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Long Island Aquarium mourns loss of two Japanese snow monkeys

Ozzie was more of a cut-up -- spunky,

Ozzie was more of a cut-up -- spunky, funny and challenging. Credit: Long Island Aquarium

Peeko, 23, was a kind and patient leader. His younger grooming buddy, Ozzie, was more of a cut-up — spunky, funny and challenging.

The two Japanese snow monkeys were mourned Tuesday by their caretakers at the Long Island Aquarium as well as by fans who shared photos and condolences on a Facebook post announcing their passing.

The two residents of the aquarium in Riverhead died within the past week of different medical conditions, officials said.

Peeko, on medication for congestive heart failure, common to both humans and monkeys, died “just a few weeks shy of 24 years old, and lived a long, loved life,” the aquarium's Facebook page said on Monday. And, as anyone who has lost a companion animal would know, the aquarium staffers are heartbroken.

Ozzie, the youngest of the aquarium’s monkeys, died from postoperative complications following surgery to remove a stomach tumor.

“His caregivers and veterinarians were hopeful that the surgery would be successful and that Ozzie would recover,” the Facebook post said. “The sudden loss of Ozzie is devastating.”

Those surprised to learn that monkeys are residing at an aquarium should know a bit about the nature of zoo professionals.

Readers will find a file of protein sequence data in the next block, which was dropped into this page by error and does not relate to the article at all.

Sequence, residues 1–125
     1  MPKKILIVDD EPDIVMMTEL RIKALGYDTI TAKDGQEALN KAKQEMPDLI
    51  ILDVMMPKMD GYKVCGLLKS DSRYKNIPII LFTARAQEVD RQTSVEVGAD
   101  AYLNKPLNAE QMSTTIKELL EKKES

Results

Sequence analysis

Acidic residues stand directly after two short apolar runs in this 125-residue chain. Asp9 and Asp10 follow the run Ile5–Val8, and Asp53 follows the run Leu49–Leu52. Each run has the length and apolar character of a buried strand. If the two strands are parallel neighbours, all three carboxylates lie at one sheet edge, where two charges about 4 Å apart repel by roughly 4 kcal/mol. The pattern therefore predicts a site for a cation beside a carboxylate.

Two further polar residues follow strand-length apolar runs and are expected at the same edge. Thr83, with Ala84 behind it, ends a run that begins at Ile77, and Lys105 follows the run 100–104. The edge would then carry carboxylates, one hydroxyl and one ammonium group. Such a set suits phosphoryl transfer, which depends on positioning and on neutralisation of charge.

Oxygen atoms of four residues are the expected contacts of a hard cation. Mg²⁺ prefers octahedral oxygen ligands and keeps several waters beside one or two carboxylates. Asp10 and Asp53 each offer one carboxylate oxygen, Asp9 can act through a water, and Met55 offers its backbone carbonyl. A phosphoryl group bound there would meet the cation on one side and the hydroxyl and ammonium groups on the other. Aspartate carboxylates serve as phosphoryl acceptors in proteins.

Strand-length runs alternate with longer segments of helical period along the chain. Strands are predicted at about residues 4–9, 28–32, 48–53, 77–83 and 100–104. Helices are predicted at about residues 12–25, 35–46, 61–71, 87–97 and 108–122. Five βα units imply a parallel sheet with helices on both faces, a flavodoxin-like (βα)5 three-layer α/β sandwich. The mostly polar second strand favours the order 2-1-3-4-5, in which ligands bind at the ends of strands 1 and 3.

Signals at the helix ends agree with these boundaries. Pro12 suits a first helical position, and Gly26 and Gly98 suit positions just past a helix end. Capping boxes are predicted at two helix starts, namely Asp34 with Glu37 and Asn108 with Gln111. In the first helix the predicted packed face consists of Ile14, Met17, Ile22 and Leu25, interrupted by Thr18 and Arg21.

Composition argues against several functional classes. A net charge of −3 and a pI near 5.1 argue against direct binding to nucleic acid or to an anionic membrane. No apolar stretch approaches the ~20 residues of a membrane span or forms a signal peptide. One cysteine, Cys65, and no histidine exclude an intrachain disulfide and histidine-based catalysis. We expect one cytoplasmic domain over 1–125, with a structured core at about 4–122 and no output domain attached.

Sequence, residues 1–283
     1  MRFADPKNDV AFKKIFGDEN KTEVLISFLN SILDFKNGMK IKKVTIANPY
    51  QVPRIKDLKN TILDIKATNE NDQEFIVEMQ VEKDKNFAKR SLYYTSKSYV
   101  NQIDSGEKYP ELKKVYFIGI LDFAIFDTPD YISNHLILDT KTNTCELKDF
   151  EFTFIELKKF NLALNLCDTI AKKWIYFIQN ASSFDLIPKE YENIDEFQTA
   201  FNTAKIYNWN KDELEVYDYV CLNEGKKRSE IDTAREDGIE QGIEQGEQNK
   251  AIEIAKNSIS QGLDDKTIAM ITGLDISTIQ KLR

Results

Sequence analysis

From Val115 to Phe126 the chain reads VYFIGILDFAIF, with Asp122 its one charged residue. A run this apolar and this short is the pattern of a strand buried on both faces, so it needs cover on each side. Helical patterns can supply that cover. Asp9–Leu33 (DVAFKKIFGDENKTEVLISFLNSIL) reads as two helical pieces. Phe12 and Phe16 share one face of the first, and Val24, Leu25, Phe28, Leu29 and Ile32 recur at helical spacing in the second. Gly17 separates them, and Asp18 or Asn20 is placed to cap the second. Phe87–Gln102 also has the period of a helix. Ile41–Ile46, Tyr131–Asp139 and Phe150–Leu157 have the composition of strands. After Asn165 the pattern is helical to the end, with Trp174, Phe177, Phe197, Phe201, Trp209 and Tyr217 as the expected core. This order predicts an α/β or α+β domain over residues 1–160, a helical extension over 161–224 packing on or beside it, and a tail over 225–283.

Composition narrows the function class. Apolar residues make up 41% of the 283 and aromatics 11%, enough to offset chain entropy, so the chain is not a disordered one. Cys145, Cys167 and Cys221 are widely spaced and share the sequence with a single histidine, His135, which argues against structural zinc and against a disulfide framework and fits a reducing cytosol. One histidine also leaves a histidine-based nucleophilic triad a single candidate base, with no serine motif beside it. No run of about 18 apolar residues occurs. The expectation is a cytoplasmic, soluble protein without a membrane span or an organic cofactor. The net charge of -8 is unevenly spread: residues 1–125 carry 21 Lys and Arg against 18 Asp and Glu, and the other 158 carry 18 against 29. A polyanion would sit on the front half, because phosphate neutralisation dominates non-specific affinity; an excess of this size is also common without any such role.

When Peeko and Ozzie, former residents of the Central Park Zoo, needed a new home, the aquarium found it had the room and staff to accommodate them, said Darlene Puntillo, marketing director. The zoo community is like that, she said, pointing to bats and porcupines who also call the aquarium home.

As for Peeko, he “was a very special member of our troop,” the Facebook post said, kind, patient and “often the first primate our apprentice staff would be trained to work with.” As the alpha male, he “oversaw his troop and kept order both peacefully and fairly.” He also was quite the ham, enjoying being photographed and seeing himself on a phone screen.

Ozzie? He was quite a character, “a spunky, funny animal that loved to challenge his caregivers.” Intelligent and energetic, he “loved to sit in the spa on cold winter days to keep warm.”

The two, Peeko and Ozzie, could often be found “grooming and interacting with one another.” And they “will be deeply missed.”

There was also an outpouring from the community on Facebook. Among the 124 comments:

“My grandson and I are so sad to hear of the loss of Peeko and Ozzie. We have many adorable memories of Peeko posing for a pic with my grandson. Wishing you comfort.”

And, “My heart goes out to the trainers and animal care staff at LIA. I was there when Ozzie joined the family and loved watching his antics. Peeko was a special guy, too. Sending love to the LIA family.”

In 2015, Newsday reported that “the Long Island Aquarium's Japanese snow monkeys are two sets of brothers: Zepp and Ozzie, and Peeko and Jorako. They are outside all the time, with a heated pool and waterfall. In the winter, they make snowballs.”

Also known as Japanese macaques, snow monkeys, native to Japan, have brown-to-gray fur, short, stumpy tails and “distinctive red faces,” according to the Lincoln Park Zoo in Chicago.

Living in troops in the wild, “complex cultures” are passed down through the female lines “everything from stacking stones to taking dips in hot springs.”

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